Mothers will do whatever it takes to protect their children, even if that means separating from them during wartime.
That’s a sacrifice a Ukrainian mother named Yulia Pisetskaya had to make when she put her son, Hassan, on a train going to Slovakia from Zaporizhzhia, a city attacked by Russian forces last week.
The mother of the 11-year old wanted to save at least one of her children. However, she couldn’t go with Hassan because she was unwell and needed to care for her disabled mother.
Yulia had no choice but to let Hassan go, even though it broke her heart. As his mother watched, the boy bravely boarded a train carrying only a plastic bag, his passport and a number written on his hand.
He made it to Slovakia safely, where border guards took care of him upon his arrival. Traveling over 600 miles from southeastern Ukraine alone, the police described him as a “hero.”
His hand had a phone number that belonged to his relatives in Bratislava, the capital of Slovakia. They located them and took Hassan into their custody. His siblings also made it to the country.
Yulia took to Facebook and thanked the Slovaks of their help in keeping her son safe.
“I am very grateful that they saved the life of my child,” she said in a video message posted on the platform and translated by The Daily Mail. “In your small country, there are people with big hearts.”
In the video, Yulia shared that she’s widowed with many children. She thanked all the volunteers and customs officers from Slovakia who took care of Hassan at the border and helped him cross.
“I am grateful you have saved my child’s life,” she said. “Next to my town is a nuclear power plant that the Russians are shooting at. I couldn’t leave my mother – she can’t move on her own.”
She ended her message with an emotional plea: “Please save our Ukrainian children.”
The Slovakian interior ministry shared Hassan’s story on Facebook, saying that he “won everybody’s hearts with his smile, fearlessness, and determination, worthy of a real hero.”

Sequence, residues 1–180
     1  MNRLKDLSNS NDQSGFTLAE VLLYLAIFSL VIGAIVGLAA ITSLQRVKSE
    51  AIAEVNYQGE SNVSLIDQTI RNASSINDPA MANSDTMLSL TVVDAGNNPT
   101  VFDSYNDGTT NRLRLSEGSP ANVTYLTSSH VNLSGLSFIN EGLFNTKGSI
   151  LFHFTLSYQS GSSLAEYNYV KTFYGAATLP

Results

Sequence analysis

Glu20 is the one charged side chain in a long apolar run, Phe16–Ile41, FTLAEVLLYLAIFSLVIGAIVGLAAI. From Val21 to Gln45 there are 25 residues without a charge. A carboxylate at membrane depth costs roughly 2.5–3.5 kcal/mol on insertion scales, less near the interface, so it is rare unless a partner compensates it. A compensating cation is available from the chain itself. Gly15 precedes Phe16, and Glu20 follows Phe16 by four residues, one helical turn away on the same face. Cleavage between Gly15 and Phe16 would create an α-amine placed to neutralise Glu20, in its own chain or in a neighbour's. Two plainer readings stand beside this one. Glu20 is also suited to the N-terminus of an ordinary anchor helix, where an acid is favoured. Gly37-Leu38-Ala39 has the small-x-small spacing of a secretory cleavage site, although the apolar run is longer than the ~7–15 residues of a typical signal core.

The boy was warmly embraced by police officers, soldiers, customs officers, soldiers and volunteers. They also packed food for him on his next trip.
“Thanks to the number on his hand and a piece of paper in his waist, he managed to contact his loved ones, who came for him later, and the whole story ended well,” the officials added.
In the early hours of Friday, Russian troops attacked Zaporizhzhia, Europe’s biggest nuclear power plant, which produces around 20% of Ukraine’s electricity. Since then, they have seized control.
In an update posted on Facebook, Interior Minister Roman Mikulec commended Hassan for his “huge determination, courage, and fearlessness.”
“I am really very sorry for him and all the other children and their families who have to flee their country because of what is happening in Ukraine,” he wrote.
Minister Mikulec stated that the siblings had applied to temporary protection. Mikulec assured other Ukrainian refugees that Slovakia is available to help.
To ask for temporary protection, you would need to have access to health care and social security. You also need to have access housing, education, and food. Mikulec clarified that asking for one in Slovakia doesn’t mean that they won’t be able to travel to other EU countries.
The Slovakian Interior Ministry urged those who want to help Hassan’s mother and grandmother to contact the Association of Christian Youth Fellowships at email@example.com for ways to assist.
You can watch the video below to learn more.
We send our prayers and love to the people of Ukraine, and to all the countries that have increased their efforts for helping the evacuees.